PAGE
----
A laser that doesn’t produce light would ordinarily be a failure. After all, the first two letters of laser stand for light amplification, not light reduction.
But a new laser created by scientists at the National Institutes of Standards and Technology and JILA, a joint institute of NIST and the University of Colorado at Boulder, shoots beams of night instead of beams of light. The “dark pulses,” as the NIST scientists ominously call them, create areas absent of light.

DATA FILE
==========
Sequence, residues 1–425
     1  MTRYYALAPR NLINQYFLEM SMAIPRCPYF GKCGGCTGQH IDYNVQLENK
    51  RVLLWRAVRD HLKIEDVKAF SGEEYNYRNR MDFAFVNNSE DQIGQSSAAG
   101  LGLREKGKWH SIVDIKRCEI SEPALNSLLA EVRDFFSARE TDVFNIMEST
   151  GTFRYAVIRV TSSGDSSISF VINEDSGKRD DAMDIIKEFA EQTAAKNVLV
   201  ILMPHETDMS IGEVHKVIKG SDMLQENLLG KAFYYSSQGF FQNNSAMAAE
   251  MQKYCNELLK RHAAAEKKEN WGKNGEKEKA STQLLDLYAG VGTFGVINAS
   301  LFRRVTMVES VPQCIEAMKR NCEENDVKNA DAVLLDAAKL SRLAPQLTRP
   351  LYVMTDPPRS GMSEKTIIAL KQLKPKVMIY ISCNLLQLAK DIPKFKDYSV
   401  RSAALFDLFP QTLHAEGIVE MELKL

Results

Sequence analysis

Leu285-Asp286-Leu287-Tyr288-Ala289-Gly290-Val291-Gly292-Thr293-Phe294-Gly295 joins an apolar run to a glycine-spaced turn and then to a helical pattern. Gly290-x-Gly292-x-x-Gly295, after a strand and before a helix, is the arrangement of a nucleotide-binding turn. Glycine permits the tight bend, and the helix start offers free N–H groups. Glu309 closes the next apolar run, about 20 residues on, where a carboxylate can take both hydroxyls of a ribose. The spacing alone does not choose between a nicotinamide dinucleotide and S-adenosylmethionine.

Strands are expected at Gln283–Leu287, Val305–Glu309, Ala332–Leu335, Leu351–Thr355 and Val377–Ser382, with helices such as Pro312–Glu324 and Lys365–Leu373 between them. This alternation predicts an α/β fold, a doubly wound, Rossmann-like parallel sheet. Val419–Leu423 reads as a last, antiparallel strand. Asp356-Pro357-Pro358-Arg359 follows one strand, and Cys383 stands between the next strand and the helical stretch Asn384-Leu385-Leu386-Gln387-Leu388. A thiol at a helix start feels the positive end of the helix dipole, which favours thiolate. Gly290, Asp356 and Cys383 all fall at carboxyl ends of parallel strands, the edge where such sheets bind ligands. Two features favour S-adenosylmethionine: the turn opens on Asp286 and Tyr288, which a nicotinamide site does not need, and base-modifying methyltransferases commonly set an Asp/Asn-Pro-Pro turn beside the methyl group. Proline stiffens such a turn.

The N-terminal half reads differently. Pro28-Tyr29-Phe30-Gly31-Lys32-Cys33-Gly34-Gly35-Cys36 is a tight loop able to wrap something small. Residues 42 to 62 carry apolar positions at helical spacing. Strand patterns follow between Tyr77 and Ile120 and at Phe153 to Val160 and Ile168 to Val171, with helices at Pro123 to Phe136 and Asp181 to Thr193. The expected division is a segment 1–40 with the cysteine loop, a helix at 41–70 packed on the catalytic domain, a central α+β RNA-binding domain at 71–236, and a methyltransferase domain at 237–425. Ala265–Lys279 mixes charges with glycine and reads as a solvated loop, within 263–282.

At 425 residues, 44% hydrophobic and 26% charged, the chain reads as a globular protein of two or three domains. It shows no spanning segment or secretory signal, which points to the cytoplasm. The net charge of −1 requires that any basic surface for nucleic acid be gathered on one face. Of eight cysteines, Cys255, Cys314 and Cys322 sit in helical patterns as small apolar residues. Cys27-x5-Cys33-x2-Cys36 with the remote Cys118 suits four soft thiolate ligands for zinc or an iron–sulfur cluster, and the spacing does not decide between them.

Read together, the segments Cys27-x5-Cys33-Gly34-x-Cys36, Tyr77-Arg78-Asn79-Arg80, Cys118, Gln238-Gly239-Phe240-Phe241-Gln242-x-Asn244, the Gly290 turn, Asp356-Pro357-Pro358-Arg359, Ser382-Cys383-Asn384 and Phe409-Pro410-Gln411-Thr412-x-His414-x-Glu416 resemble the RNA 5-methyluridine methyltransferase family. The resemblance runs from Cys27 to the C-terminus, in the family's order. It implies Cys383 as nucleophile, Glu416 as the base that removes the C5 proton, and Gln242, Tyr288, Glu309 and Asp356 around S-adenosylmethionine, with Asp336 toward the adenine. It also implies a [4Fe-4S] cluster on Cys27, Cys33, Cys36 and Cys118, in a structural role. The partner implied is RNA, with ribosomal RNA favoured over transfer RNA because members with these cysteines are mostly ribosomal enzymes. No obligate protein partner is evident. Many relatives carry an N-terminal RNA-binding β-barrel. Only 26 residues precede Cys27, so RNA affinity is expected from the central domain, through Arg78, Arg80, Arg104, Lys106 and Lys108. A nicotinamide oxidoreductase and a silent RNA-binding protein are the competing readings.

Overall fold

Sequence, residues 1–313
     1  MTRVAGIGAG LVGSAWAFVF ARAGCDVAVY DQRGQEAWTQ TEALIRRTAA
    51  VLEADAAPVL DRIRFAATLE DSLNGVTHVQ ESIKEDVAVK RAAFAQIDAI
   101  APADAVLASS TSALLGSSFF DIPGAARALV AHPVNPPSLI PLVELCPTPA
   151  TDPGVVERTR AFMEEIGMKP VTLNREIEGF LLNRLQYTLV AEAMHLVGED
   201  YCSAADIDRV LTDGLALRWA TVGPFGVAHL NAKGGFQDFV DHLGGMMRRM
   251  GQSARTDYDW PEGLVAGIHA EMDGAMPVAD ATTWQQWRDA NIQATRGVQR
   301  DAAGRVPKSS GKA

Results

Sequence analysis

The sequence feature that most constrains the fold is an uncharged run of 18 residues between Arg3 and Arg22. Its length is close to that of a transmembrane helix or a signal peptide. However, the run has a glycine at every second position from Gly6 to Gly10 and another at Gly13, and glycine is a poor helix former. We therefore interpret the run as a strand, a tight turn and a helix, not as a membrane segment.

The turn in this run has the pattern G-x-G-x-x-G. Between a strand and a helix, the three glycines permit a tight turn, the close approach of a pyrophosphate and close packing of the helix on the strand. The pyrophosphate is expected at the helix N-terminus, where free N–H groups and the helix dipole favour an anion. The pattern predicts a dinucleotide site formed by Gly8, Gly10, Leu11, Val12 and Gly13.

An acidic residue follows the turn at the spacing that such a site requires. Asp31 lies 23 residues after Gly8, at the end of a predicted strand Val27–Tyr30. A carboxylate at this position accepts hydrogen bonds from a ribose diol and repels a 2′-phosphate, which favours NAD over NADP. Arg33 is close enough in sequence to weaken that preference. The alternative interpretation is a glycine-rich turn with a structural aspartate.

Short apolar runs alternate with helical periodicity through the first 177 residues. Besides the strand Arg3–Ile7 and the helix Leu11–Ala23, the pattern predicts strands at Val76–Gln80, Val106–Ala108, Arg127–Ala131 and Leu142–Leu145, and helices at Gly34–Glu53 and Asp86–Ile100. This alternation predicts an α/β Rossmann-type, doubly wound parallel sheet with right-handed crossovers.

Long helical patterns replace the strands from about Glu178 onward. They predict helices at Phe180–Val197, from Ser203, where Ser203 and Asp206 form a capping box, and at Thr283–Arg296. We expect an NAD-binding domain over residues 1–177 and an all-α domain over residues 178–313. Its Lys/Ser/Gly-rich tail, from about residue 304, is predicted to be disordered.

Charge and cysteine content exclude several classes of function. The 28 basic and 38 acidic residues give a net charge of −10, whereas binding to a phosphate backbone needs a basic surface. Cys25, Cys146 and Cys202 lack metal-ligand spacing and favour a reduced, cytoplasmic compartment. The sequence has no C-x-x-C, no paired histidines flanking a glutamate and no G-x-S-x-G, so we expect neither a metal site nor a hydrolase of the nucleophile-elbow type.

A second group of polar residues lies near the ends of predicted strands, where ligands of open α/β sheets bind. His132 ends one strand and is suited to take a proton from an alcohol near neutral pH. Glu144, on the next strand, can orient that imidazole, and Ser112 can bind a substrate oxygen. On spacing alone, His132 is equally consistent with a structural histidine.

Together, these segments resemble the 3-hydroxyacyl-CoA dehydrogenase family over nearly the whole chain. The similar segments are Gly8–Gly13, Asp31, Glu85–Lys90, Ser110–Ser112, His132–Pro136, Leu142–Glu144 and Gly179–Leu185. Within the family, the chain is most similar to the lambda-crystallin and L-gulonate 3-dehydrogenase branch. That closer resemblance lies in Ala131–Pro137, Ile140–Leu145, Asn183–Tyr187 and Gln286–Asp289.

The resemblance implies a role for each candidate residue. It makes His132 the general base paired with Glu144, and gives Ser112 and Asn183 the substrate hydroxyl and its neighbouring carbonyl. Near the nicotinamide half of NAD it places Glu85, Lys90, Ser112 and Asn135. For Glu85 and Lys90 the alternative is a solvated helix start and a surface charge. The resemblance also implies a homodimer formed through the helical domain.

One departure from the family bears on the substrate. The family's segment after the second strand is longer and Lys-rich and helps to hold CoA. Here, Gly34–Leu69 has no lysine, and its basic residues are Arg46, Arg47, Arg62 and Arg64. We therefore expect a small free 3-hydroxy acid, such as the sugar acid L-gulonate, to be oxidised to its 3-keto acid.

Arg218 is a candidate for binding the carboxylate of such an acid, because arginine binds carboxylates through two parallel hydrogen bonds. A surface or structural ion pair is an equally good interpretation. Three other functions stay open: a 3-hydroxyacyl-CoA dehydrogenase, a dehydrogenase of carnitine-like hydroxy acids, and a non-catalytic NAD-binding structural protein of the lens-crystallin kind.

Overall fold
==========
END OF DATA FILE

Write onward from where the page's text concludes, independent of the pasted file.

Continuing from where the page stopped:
The research could improve fiber optic communications. Pulses of light fade or degrade over long distances to cause noise and errors. Dark pulses don’t have the same drawbacks, which should improve the transmission and detection of light through fiber optic cables.